Cap Tables & Stock Options 101

Welcome to the final post of Tandem Innovation Group’s first blog series: Startup Financial Management 101! In this four part series, we provided the basics on managing your startup’s finances. From breaking down key concepts, to providing tips, and illustrating through examples; this series is the go-to resource for entrepreneurs. Curated with the expertise of Tandem network professionals, we want to make it simple for you to understand your startup’s finances.

Today we are looking at cap tables and stock options. We will be explaining what these are, why they are important, and how you can use them to propel your startup to the next level.

What Are Cap Tables?

Capitalization tables, otherwise known as “cap” tables, are a breakdown of a company’s shareholders’ equity.  Cap tables show all of equity ownership capital, including common shares, preferred shares, options, and convertible equity.  They list out each type of equity ownership, the individual investor, and the share prices/investments. 

What Are the Different Fundraising Rounds?

There are five key fundraising rounds, each of which involves a different type of investor and stage of company development.

The Seed round generally involves a raise between $500k- $2M. With a valuation of approximately $3-6M.  Anything before that is a pre-seed.  Anything more than that can sometimes be considered a Series A where you are raising between $2-$15M,  where the valuation is between $10-$30M.  Your valuation will likely depend on how much you need and how much you are willing to give up.

Round

Pre-Seed

Seed

 

Series A

 

Series B

 

Series C

Stage of Company

Selling the founder’s idea.

Have a concept / business plan you want to prove.

Proof of concept exists, need funding to ramp up.

Scaling, geographic / product line extension, team expansion.

Growth, build market position, strategic acquisitions, maybe starting to plan exit.

Investors

Family & Friends, small Angels

Angels, Accelerators /  Incubators, small VCs

VCs, large Angels

VCs, small PE

PE

What Are Employee Stock Options?

Employee stock options are a type of equity compensation for employees.  Instead of granting shares of stock directly, the company gives derivative options on the stock.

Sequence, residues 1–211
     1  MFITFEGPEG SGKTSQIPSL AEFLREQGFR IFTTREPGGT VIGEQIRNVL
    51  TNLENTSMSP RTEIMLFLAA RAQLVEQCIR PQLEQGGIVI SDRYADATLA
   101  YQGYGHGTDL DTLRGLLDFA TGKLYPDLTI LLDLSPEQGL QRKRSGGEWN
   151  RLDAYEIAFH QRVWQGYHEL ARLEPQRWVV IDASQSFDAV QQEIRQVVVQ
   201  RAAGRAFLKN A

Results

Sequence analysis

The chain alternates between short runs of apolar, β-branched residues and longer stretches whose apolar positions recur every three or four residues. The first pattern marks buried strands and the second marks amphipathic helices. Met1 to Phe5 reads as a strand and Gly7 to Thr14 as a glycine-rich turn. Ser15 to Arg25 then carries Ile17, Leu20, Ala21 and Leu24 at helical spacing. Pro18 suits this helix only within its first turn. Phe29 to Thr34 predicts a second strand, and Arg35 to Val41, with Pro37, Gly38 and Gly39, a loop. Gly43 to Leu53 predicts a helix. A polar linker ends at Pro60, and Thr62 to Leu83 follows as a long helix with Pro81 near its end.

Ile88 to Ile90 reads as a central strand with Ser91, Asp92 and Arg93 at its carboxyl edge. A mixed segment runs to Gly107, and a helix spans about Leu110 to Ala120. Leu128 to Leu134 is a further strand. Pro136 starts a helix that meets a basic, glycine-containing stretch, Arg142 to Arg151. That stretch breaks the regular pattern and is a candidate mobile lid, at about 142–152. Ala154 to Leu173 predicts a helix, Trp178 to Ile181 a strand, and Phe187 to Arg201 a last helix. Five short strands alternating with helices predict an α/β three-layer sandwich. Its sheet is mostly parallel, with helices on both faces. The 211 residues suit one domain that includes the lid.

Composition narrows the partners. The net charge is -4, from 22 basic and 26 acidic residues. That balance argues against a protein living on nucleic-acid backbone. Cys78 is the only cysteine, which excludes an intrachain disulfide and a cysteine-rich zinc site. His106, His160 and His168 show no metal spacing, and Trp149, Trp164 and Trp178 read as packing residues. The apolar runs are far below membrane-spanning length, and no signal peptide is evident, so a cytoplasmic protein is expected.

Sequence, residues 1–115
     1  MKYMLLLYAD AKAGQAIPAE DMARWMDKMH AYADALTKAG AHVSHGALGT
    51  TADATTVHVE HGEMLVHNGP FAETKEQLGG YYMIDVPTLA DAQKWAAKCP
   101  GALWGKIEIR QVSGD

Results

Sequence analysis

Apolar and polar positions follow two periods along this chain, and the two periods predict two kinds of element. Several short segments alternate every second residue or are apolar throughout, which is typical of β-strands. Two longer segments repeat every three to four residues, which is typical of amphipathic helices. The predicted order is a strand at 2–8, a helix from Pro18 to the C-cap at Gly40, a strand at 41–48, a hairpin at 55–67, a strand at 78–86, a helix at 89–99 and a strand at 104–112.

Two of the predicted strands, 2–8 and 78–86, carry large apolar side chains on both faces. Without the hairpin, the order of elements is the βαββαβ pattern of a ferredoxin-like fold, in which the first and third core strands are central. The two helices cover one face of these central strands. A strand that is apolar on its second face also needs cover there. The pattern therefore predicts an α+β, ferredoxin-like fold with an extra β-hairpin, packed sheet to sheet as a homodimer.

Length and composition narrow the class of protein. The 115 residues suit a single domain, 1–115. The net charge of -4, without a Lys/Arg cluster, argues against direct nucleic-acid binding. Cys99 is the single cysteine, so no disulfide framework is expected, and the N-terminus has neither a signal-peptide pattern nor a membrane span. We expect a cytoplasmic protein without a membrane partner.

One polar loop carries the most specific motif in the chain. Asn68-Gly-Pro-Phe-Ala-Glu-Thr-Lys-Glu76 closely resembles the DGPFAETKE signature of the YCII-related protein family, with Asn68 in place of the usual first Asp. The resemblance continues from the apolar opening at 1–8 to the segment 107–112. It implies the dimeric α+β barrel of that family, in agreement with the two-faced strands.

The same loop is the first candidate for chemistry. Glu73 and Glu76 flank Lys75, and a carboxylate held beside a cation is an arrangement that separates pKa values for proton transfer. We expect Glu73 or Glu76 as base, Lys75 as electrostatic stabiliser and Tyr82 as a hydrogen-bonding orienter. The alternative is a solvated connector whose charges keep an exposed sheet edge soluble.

There are pros and cons to this compensation structure;

Benefits

Recruit top talent

Align employee incentives

No loss of control (typically no voting rights)

Employees share in company upside

Arguably no cash cost to company

Advantageous tax treatment for CCPCs

Implications

Dilutive to existing shareholders

Forego opportunity to issue shares for additional cash

Expense for accounting purposes

Program administration

There are six key characteristics that define each stock option;

 

Grant price/exercise price/strike price – the specified price at which your employee stock option plan says you can purchase the stock

 

Issue date – the date the option is given to you

 

Market price – the current price of the stock

 

Vesting date – the date you can exercise your options according to the terms of your employee stock option plan

 

Exercise date – the date you do exercise your options

 

Expiration date – the date by which you must exercise your options or they will expire

What Are Preferred Shares and Convertible Debt?

Common shares are more suitable for long-term growth investors.  Preferred shares and convertible debt are better for more risk-averse, yield seeking investors who still want some upside potential.  

 

The follow compares common shares, preferred shares, and convertible debt on seven key dimensions;

X

Redemption Value

Dividends 

Tax Treatment

Voting Rights

Redeemable/Retractable

Liquidation Preference

Upside Potential

Common Shares

None

Only paid when declared

After-tax dividends

Pro-rata to number of shares

No

Last

Unlimited

Preferred Shares

Yes

Fixed, regular dividends / Can be deferred

After-tax dividends

None

Sometimes / Can also be convertible

Ahead of Common Shares

Limited to redemption value (unless convertible)

Convertible Debt

Yes (face value)

Mandatory interest payments

Pre-tax interest

None

Sometimes

Ahead of all Equity

Limited to face value (unless convertible)

That Concludes Our Series!

Our goal at Tandem is to make it easy for you to establish a sound financial platform to build your business on.  This is the end of our series, but feel free to check out our previous posts on Cash Flow, Financial Modelling & how to make sure your startup is making money

Our Contributors

Jacinthe Koddo – Contract CFO/COO, Tandem Co-Founder & Director of Client Experience

Tania Lo – Contract CFO/COO, Tandem Co-Founder & Managing Director

Matthew Stevens – Contract CFO

Teresa Pang – Contract CFO

Resources

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